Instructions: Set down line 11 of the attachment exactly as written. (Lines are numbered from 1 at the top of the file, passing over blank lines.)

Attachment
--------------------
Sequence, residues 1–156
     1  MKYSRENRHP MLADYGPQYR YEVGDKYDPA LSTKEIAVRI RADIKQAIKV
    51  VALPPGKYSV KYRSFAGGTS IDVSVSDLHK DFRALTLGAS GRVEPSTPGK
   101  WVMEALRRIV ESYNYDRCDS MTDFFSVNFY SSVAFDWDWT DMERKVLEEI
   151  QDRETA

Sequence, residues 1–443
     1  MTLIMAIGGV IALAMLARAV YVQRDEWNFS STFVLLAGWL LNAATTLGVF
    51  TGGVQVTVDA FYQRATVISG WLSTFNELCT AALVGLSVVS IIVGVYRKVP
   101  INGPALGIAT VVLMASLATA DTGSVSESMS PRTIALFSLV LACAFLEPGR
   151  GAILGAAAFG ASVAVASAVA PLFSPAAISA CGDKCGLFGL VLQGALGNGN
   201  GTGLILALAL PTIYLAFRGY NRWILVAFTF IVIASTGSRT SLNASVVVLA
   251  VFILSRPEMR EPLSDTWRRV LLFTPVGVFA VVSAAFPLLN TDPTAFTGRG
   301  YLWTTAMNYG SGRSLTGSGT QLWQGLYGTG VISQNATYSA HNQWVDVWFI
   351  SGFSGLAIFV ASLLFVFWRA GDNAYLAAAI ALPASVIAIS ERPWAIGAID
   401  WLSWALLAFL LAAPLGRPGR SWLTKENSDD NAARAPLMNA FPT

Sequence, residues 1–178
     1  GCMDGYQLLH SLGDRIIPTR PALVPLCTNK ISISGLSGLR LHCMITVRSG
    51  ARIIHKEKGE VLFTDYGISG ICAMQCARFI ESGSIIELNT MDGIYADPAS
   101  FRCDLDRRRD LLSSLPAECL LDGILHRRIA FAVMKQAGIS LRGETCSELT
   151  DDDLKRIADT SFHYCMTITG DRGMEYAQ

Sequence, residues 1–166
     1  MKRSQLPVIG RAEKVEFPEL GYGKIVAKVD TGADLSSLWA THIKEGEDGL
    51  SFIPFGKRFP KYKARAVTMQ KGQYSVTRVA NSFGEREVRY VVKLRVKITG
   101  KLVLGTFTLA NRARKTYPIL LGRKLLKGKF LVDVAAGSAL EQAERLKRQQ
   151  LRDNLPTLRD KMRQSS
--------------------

   201  GTGLILALAL PTIYLAFRGY NRWILVAFTF IVIASTGSRT SLNASVVVLA